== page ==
A common mortgage mistake can cost homeowners up to £19,000 over the term of their loan – but an expert explains how to avoid spending more than necessary.
Those lucky enough to have enough cash to deposit in a bank should be aware of the hidden cost of choosing a longer mortgage term.
A mortgage term is the amount of time it takes to pay off your loan – you can choose to have a shorter or longer term.
Short periods are usually considered to be 20 years or less, while 30 years are classified as longer periods.
The most common mortgage term is a 25-year mortgage, but you can choose one that lasts as long as 40 years.
As home prices continue to rise, choosing a longer mortgage term is one way buyers can lower their monthly payments — but it comes at a cost.
Nick Morey, technical director at Koreko, warns that opting for a longer term could mean you’re paying too much in interest payments.
He has decades of experience dismantling mortgage tips, and is one of the experts on The Sons Squeeze Team panel.
If you’re worried about how to meet your needs, are struggling to pay off your loans or don’t know how to best manage your cash, get in touch by email Squeezeteam@thesun.co.uk,
Andrew’s money saving tips will come in handy as could rising interest rates Add £612 to your mortgage repayment.
Anyone with a variable or tracker mortgage will feel the pinch the fastest, as these deals are tied to the bank’s base rate – when it rises, its monthly repayment,
Here’s how taking out a longer term mortgage can add up to £19,000 to your repayment.
High interest payment – £19,000 . until
taking out one long term mortgage Can be tempting in the beginning.
Your repayment is spread over a longer period – which means the amount you pay each month will be less.
This can be tempting – especially with households paying more each month for other bills such as energy, food and fuel.
but if you can get high repayment rateIt makes sense to choose a shorter mortgage term.
The shorter your mortgage term, the less time you have to accrue interest, which will add up to the total amount you paid over the term of your loan.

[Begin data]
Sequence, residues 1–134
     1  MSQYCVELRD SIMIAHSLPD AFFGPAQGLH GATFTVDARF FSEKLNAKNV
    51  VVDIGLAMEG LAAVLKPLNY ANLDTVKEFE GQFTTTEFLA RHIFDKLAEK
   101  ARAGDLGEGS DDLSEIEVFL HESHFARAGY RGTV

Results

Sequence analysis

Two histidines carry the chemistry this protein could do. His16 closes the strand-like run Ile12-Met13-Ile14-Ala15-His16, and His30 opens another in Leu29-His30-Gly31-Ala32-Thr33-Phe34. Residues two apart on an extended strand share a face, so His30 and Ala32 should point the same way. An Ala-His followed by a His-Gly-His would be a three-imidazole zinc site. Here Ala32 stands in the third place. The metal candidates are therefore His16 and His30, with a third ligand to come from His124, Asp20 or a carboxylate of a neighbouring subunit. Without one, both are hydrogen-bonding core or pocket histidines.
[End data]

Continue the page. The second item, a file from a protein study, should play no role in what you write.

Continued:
For example, on a £250,000 mortgage at an interest rate of 2.5% with a 25-year term, your monthly payment would be £1,122.
The total amount you will pay in interest over the first 25 years before clearing your mortgage is £86,506.
If you opted for the 30-year term instead, your monthly payment would drop to a more manageable £988. But you will pay a total of £105,662 in interest.
“The 30-year tenure is £19,146 more expensive, as it carries an additional five years of interest,” said More.
“So while longer mortgage terms are very helpful in reducing monthly costs, the total cost can be quite high when you pay interest over a longer period of time.
“If you can afford to shorten the period in any way, which could be through higher payments or regular or ad-hoc payments, that’s usually a good idea.”
How else can a long-term mortgage affect me?
Carrying out a longer mortgage term can also affect when you are able to retire.
If you’ve been paying off your mortgage for a long time, you’ll most likely need to keep working to provide the funds to meet the repayment.
“When people choose a term that means they are still paying beyond age 70, it can mean that retirement may not happen earlier than the age when it probably should be,” Mr. More said.
“You might have plans to clear balances before then, but if those plans don’t materialize, you might be faced with working longer hours than you should.”
One option that buyers could take is to get a longer mortgage term initially, and then reduce it when they re-mortgage and potentially receive higher salaries and could face larger repayment.
It’s important to review your mortgage deal regularly anyway, as better rates may be available, which can cut your costs as well.
Recently a new scheme has been launched which can help first time buyer climbs the ladder – We tell you what it is.
While another mortgage expert explains Tips for getting your application approved Because it becomes difficult to deal.
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